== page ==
It was “a human tragedy of Shakespearean proportions,” said a South African appeals court judge, describing the life of double amputee athlete Oscar Pistorius, who inspired the world by overcoming his disability but fatally shot his girlfriend on Valentine’s Day 2013.
But despite the pathos of a story that captured global attention, the Supreme Court of Appeal on Thursday overturned Pistorius’ acquittal on murder charges, probably assuring that he will serve a hefty prison term.
The trial judge last year convicted Pistorius of the lesser charge of culpable homicide, or negligent killing, in the death of Reeva Steenkamp. He was sentenced to five years in prison and nearly two months ago was released from prison to house arrest.
The key to Thursday’s unanimous decision of five judges: Pistorius, well trained in weapons, must have known that someone would die when he fired four high-powered bullets through a closed door into a small toilet cubicle in his bathroom.
“He never offered an acceptable explanation for having done so,” said appeals court Judge Eric Leach, reading a summary of the judgment, which said Pistorius gambled with the life of the person in the cubicle.
“He must have foreseen and therefore did foresee that the person he was firing at behind the door might be fatally injured,” Leach said, adding that Pistorius ought to have been convicted of murder.
“The interests of justice require that persons should be convicted of the actual crimes they have committed, not of lesser offenses,” he said. “That is particularly so in crimes of violence.”
“One does not really know what his explanation was for having fired the shots,” Leach said. There were “other inherent improbabilities” in Pistorius’ story, he added.
In the finding, the identity of the victim was unimportant. All that mattered was that Pistorius knew there was someone in the cubicle and he understood that firing four times could kill that person.
The trial judge, Thokozile Masipa, last year accepted Pistorius’ story that he fired believing the person in the cubicle was an intruder and that his life was in danger. But the Supreme Court of Appeals ruled that Masipa had made a fundamental error in law and failed to apply the correct legal test in reaching her finding: whether Pistorius foresaw his actions might kill.
In acquitting Pistorius, Masipa had relied on his comment that if he wanted to kill, he would have fired his bullets higher. But the appeals court found that Masipa’s reasoning was “confusing in various respects.” In reaching a verdict, the court must take into account all the evidence, and not ignore any of it — or a judicial process would be flawed, Leach said.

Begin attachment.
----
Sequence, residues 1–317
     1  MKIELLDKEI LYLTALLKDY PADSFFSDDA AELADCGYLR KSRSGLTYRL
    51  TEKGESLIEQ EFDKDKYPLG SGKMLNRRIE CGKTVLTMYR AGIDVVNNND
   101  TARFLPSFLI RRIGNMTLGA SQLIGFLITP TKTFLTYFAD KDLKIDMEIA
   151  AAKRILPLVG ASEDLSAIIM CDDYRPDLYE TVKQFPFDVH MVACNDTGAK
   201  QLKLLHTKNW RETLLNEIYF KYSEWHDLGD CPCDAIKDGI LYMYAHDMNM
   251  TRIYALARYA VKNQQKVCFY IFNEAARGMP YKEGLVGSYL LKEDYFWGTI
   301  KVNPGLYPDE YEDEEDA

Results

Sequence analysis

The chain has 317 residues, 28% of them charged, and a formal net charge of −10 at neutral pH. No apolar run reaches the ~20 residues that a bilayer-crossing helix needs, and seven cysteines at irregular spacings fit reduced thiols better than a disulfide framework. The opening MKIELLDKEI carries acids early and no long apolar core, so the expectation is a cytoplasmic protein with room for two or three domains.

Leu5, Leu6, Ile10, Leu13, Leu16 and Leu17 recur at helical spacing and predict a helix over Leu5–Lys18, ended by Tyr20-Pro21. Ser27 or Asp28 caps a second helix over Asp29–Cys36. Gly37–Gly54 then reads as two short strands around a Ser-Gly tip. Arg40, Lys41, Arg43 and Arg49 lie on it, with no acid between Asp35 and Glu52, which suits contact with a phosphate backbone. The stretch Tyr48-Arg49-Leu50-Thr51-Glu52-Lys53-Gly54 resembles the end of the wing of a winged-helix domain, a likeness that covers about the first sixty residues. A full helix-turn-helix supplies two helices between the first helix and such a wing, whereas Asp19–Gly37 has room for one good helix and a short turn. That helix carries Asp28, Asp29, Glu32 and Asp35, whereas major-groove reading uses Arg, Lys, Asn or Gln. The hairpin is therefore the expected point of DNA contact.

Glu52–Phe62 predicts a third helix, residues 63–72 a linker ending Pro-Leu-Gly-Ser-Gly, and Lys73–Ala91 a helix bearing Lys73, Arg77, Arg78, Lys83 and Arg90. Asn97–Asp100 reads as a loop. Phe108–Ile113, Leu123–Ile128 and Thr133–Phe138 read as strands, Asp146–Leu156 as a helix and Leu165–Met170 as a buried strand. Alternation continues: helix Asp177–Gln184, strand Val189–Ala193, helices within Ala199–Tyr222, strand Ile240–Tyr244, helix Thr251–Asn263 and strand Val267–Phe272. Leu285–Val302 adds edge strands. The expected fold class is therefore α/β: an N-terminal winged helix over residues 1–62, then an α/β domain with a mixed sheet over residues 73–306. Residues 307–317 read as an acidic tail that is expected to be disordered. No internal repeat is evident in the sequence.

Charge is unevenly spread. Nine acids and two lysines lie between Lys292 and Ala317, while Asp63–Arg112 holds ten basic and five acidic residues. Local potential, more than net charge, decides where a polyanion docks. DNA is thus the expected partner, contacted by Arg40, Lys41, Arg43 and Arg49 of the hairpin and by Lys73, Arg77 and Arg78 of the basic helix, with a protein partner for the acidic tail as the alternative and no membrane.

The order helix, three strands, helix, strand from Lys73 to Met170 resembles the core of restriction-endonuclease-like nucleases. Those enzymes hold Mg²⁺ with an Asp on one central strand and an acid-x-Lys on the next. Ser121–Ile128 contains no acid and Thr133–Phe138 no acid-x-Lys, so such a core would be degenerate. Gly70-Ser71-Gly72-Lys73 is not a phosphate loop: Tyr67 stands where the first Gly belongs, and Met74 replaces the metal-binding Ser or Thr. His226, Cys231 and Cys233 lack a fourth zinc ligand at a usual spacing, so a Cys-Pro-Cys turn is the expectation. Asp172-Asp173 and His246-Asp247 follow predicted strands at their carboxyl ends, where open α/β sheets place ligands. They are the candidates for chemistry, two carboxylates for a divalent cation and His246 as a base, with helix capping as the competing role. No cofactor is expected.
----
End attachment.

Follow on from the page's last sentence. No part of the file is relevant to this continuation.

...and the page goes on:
He said she failed to take into account the crucial evidence of a police ballistics expert, which was relevant to determining whether Pistorius realized his actions might kill.
Leach described Pistorius’ testimony about his thinking when he fired as “vacillating and untruthful.”
“At the outset he stated that he fired four shots ‘before I knew it’ and at a time when he was not sure if there was somebody in the toilet. This soon changed to a version that he had fired as he believed that whoever was in the toilet was going to come out to attack him. He later changed this to say that he had never intended to shoot at all,” Leach said.
The appeals court did not find that Pistorius intended to kill Steenkamp, and it didn’t interfere with the lower court’s rejection of the prosecution contention that he killed her after she locked herself in the cubicle during an argument.
Instead, the appeal centered on a form of intent in South African law: dolus eventualis. Under the principle, it is murder if a person foresees that his or her actions can kill someone but proceeds anyway.
A key part of Pistorius’ defense was that he felt vulnerable because he was not wearing his prosthetic legs. But the appeals court rejected this, finding that Pistorius was well-trained in the use of weapons and knew what he was doing.
Leach said there was no rational basis for Pistorius to believe his life was in danger, pointing out that the athlete failed to even take the precaution of firing a warning shot.
Under South African law, a person isn’t entitled to fire at an intruder in self-defense unless that intruder poses a direct threat, pointing a loaded weapon. Moreover, to mount a legal case of self-defense, an accused person must show that he or she intended to fire in self-defense. Pistorius insisted in court that he never had any intention to shoot.
Steenkamp, a law school graduate who turned to modeling, had been dating Pistorius for a few months when she was slain.
Steenkamp left Pistorius a Valentine’s Day gift that he would open only months later, with a card telling him she loved him. But in the weeks before her death, she also sent him phone messages telling him that he sometimes frightened her and picked on her constantly.
Steenkamp’s mother, June, present for the finding, was in tears after the decision.
Leach said the court was entitled to set aside the conviction of culpable homicide and order a retrial, but the appeals court found that a retrial was not in the interests of justice and instead imposed the murder conviction.
Pistorius has already spent a year in jail, in the hospital wing of a Pretoria prison. The appeals court sent the case back to the High Court for a new sentence to be handed down, with the year that Pistorius has served to be taken into account. Prosecutors said they would study the judgment before deciding whether to seek Pistorius’ return to prison, pending sentencing.
In a brief statement, the Pistorius family said it would study the judgment before deciding on a course. The athlete could decide to appeal to the Constitutional Court.
“The legal team will study the finding and we will be guided by them in terms of options going forward,” the family statement said.